State Tree Of Texas

Pecan Tree Is The Official State Tree Of Texas. The Pecan tree became the Texas State Tree by an act of the Texas Legislature. On March 20, 1919, Governor William Pettus Hobby signed Senate Bill No. 317. Pecan is an American Indian word, which appears in varied forms in the languages of many of the tribes. Texas and Georgia State are the largest producers of commercial pecans trees in the United States. Pecan is a major agricultural tree of the USA but not top-ranked. State Tree Of Texas Pecans are difficult to transplant, and they cannot be counted on to produce good crops of nuts when used as landscape trees.



National Tree Of Texas Pecan is a medium to the large native deciduous tree with spreading branches. Its leaves are compound, with 9 to 17 leaflets, each 4 to 7 inches long, and the entire leaf is up to 20 inches long. State Tree Of Texas flowers are small and greenish, borne in clusters called catkins. The brown, cylindrical fruit has a fleshy husk that splits longitudinally with an edible nut inside.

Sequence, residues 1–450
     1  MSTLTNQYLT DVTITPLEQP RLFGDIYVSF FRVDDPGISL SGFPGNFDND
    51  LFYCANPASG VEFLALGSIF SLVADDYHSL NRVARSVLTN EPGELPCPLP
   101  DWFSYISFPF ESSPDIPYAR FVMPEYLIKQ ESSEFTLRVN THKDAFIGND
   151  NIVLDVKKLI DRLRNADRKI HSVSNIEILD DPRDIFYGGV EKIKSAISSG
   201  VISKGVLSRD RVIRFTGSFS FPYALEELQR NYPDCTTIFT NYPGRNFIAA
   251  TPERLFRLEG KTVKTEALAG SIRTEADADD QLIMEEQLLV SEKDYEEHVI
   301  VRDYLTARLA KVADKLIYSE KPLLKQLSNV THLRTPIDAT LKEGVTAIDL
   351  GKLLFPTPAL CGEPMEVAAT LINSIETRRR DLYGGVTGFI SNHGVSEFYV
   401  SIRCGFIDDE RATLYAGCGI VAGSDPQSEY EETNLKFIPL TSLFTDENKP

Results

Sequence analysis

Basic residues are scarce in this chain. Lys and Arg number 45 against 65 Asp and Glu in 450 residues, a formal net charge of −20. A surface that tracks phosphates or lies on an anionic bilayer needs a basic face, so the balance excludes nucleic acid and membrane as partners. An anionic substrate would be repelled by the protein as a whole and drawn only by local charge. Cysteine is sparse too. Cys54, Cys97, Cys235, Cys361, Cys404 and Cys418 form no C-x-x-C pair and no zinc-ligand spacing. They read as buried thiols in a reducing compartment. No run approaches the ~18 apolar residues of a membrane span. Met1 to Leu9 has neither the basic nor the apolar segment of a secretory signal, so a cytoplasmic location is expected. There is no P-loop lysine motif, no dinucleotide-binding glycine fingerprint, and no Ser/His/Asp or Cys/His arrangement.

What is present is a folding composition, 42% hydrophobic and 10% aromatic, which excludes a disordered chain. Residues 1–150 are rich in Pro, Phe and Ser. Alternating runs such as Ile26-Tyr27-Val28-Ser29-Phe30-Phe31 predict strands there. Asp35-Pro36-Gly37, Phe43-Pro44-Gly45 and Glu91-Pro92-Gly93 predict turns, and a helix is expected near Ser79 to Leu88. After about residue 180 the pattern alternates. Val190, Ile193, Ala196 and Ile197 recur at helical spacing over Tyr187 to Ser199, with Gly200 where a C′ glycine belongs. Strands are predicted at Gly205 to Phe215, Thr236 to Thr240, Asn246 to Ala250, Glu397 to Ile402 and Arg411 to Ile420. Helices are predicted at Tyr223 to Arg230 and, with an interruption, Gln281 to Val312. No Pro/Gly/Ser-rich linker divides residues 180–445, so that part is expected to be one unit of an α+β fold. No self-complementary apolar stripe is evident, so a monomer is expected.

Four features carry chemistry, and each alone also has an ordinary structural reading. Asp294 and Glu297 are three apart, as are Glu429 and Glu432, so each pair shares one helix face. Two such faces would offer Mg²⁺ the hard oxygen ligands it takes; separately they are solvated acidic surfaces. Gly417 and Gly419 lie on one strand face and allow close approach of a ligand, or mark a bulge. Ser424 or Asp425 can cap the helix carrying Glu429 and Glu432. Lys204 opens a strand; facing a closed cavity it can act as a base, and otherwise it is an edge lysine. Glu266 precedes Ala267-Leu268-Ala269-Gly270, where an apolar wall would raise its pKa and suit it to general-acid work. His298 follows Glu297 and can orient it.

Height: 100-150 ft (30-45 m)

Diameter: 6-10 ft (1.8-3.0 m)

Bark: gray, with shallow furrows

Fruit: brown, cylindrical nut, 1-2 in (2.5-5 cm) long

Leaves: 12-18 in (30-45 cm) long, with 9-17 leaflets



The State Tree Of Texas has a long lifespan of 100 years. Pecan trees may live and bear edible nuts for more than 300 years.



National Tree Of Texas Pecan trees grows in hot, humid climates with long growing seasons. They can tolerate wind, drought, and stress.



The minimum seed-bearing age of Texas State Tree is two to four years in some cultivars and up to 20 years for individuals in natural stands. The maximum seed-bearing age also varies considerably: a maximum of 300 years has been reported. The flowers are wind-pollinated.


Fun Facts About the State Tree of Texas

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